Senate rejects gay-marriage ban, again
Amid complaints of election-year politics, the Senate on Wednesday rejected a proposed constitutional amendment to outlaw gay marriage on a 49-48 vote, well shy of the necessary two-thirds majority. The proposal received only one vote more than it got in 2004. President Bush called for the amendment as a necessary tool to stop state courts from legalizing such marriages. "We're not going to stop until marriage between a man and a woman is protected," said Sen. Sam Brownback, R-Kan.
Iranians agree to nuclear discussions
Iranian President Mahmoud Ahmadinejad said Thursday his country would discuss "mutual concerns" with Western nations over Iran's nuclear-enrichment program. But he refused to suspend the program as a precursor to negotiations. The United States and its allies had called for a prolonged moratorium on uranium enrichment, a first step in the production of nuclear weapons, but later backed off on the requirement. Iranian officials this week praised the package of incentives offered if Iran shuts down the nuclear program.
European report says 14 nations aided secret prison program
A report to the Council of Europe on Wednesday accused 14 European nations of colluding with the CIA in a "spider's web" of human-rights violations through the abduction and secret imprisonment of suspected terrorists. Swiss senator Dick Marty reported that CIA-run aircraft apparently dropped off detainees in Romania and Poland, suspected sites for clandestine prisons. Polish Prime Minister Kazimierz Marcinkiewicz called the report "slander" that is "not based on any facts."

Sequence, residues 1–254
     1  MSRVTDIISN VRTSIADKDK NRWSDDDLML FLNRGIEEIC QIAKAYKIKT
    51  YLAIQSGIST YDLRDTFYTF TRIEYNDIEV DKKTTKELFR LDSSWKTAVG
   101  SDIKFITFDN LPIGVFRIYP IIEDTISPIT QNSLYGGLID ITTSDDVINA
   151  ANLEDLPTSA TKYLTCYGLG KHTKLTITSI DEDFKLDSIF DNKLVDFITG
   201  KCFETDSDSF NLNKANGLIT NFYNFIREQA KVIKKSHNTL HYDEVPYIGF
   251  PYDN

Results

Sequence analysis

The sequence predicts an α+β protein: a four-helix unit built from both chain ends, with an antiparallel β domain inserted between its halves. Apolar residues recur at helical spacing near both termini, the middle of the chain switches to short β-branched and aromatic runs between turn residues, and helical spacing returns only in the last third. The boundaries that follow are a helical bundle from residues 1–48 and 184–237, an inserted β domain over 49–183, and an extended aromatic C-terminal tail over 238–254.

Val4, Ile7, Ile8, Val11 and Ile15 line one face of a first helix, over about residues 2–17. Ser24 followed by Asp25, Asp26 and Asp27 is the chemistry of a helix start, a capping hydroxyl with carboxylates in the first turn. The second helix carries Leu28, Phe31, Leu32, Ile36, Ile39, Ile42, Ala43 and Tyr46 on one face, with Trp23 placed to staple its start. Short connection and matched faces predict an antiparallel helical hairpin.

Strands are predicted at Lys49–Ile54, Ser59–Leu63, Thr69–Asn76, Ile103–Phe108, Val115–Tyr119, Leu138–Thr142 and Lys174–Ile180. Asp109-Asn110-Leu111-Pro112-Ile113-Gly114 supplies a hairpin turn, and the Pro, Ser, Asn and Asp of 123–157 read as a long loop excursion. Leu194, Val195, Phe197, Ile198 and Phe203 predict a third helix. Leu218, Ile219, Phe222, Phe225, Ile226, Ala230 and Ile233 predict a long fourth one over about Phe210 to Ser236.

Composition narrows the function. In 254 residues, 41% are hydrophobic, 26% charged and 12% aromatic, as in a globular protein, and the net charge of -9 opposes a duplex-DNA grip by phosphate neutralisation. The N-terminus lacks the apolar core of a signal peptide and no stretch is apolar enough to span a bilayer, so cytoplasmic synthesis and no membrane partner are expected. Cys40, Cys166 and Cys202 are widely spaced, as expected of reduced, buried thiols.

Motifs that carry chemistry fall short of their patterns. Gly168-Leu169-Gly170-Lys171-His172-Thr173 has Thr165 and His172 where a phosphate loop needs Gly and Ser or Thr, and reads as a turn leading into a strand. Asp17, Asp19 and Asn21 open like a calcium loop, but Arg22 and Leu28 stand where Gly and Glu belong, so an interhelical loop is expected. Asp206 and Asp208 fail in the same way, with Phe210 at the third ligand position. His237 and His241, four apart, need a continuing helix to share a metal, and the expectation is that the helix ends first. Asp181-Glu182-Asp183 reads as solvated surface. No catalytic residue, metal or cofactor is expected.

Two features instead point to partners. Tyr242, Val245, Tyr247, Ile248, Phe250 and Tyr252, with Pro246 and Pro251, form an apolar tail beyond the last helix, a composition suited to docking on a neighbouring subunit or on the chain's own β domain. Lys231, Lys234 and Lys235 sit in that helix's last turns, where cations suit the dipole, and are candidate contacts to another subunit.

Canadians arrest 17 in alleged plot against Parliament
Canadian authorities this week released details about an alleged plot by 17 Muslims to storm the Canadian Parliament, behead the prime minister and other officials, and seize control of the Canadian Broadcasting Corp. One of the chief suspects is Steven Vikash Chand, 25, a restaurant worker from Toronto. Defense attorneys quickly accused the government of "fearmongering." The Muslims were arrested late last week, police said, after the group acquired 3 tons of ammonium nitrate, the same material used to build the fertilizer bomb that destroyed Oklahoma City's federal building in 1995.
Mixed-identity victim's remains exhumed in Michigan
The remains of Laura VanRyn, 22, were exhumed Tuesday so they could be reburied under a correct tombstone in a heart-rending case of mistaken identity. Medical authorities thought VanRyn's body was that of another young woman, Whitney Cerak, who bore a striking resemblance to her. Both were in an April 26 van crash in Indiana. Cerak actually survived, but Cerak's family was told she had perished and was given VanRyn's body for burial.
Expectant mothers worry about the 'mark of the beast'
Doctors were urged by expectant mothers around the country to prevent their children from being born on Tuesday - the sixth day in the sixth month in the sixth year of the 21st century, or 6-6-6. The Book of Revelations reports that 666 is the "mark of the beast," meaning the Antichrist. Since nearly a quarter of all U.S. births are performed by C-section and many others happen through artificial induction, doctors said births often could be delayed upon the mother's request.